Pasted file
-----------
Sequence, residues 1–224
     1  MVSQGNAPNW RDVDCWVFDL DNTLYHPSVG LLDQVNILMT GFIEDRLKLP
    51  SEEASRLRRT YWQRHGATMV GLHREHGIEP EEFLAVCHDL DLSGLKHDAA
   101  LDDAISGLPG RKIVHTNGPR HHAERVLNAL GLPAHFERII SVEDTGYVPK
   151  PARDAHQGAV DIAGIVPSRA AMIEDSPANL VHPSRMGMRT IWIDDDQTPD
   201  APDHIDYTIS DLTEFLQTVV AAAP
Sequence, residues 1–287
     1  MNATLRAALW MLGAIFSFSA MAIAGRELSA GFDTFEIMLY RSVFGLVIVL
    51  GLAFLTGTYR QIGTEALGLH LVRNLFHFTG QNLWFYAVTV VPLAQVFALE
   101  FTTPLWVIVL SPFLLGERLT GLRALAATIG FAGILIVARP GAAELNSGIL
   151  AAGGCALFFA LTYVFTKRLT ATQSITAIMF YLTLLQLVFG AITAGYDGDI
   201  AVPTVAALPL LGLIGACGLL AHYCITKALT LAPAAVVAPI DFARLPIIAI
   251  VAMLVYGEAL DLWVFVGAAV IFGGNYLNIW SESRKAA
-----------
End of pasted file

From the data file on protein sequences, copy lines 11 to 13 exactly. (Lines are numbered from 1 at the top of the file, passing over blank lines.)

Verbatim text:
   151  AAGGCALFFA LTYVFTKRLT ATQSITAIMF YLTLLQLVFG AITAGYDGDI
   201  AVPTVAALPL LGLIGACGLL AHYCITKALT LAPAAVVAPI DFARLPIIAI
   251  VAMLVYGEAL DLWVFVGAAV IFGGNYLNIW SESRKAA